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BMC Public Health

, 12:461

First Online: 20 June 2012Received: 05 March 2012Accepted: 20 June 2012DOI: 10.1186-1471-2458-12-461

Cite this article as: Parker, E.J., Misan, G., Chong, A. et al. BMC Public Health 2012 12: 461. doi:10.1186-1471-2458-12-461


BackgroundIndigenous Australians suffer substantially poorer oral health than their non-Indigenous counterparts and new approaches are needed to address these disparities. Previous work in Port Augusta, South Australia, a regional town with a large Indigenous community, revealed associations between low oral health literacy scores and self-reported oral health outcomes. This study aims to determine if implementation of a functional, context-specific oral health literacy intervention improves oral health literacy-related outcomes measured by use of dental services, and assessment of oral health knowledge, oral health self-care and oral health- related self-efficacy.

Methods-designThis is a randomised controlled trial RCT that utilises a delayed intervention design. Participants are Indigenous adults, aged 18 years and older, who plan to reside in Port Augusta or a nearby community for the next two years. The intervention group will receive the intervention from the outset of the study while the control group will be offered the intervention 12 months following their enrolment in the study. The intervention consists of a series of five culturally sensitive, oral health education workshops delivered over a 12 month period by Indigenous project officers. Workshops consist of presentations, hands-on activities, interactive displays, group discussions and role plays. The themes addressed in the workshops are underpinned by oral health literacy concepts, and incorporate oral health-related self-efficacy, oral health-related fatalism, oral health knowledge, access to dental care and rights and entitlements as a patient. Data will be collected through a self-report questionnaire at baseline, at 12 months and at 24 months. The primary outcome measure is oral health literacy. Secondary outcome measures include oral health knowledge, oral health self-care, use of dental services, oral health-related self-efficacy and oral health-related fatalism.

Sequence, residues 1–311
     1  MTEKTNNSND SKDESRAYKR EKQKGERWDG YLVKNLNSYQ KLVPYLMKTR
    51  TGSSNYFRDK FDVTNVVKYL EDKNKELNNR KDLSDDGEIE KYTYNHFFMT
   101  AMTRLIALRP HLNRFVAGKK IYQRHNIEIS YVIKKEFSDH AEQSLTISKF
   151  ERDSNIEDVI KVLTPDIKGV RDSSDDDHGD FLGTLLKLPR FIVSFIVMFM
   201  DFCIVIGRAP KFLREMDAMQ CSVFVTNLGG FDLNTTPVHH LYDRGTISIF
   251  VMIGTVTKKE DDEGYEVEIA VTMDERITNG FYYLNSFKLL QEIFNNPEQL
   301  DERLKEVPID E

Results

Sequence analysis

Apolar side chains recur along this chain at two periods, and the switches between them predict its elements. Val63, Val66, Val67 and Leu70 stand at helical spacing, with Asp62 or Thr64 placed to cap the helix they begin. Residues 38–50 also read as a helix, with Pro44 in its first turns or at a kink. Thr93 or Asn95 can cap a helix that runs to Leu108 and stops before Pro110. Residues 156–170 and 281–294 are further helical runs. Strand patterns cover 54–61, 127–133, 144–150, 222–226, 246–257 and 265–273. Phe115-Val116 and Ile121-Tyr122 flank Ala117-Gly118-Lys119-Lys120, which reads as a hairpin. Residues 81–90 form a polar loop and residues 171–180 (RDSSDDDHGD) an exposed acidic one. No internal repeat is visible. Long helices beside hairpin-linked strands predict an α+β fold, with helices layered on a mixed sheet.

DiscussionThis study uses a functional, context-specific oral health literacy intervention to improve oral health literacy-related outcomes amongst rural-dwelling Indigenous adults. Outcomes of this study will have implications for policy and planning by providing evidence for the effectiveness of such interventions as well as provide a model for working with Indigenous communities.

Electronic supplementary materialThe online version of this article doi:10.1186-1471-2458-12-461 contains supplementary material, which is available to authorized users.

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Autor: Eleanor J Parker - Gary Misan - Alwin Chong - Helen Mills - Kaye Roberts-Thomson - Alice M Horowitz - Lisa M Jamieson


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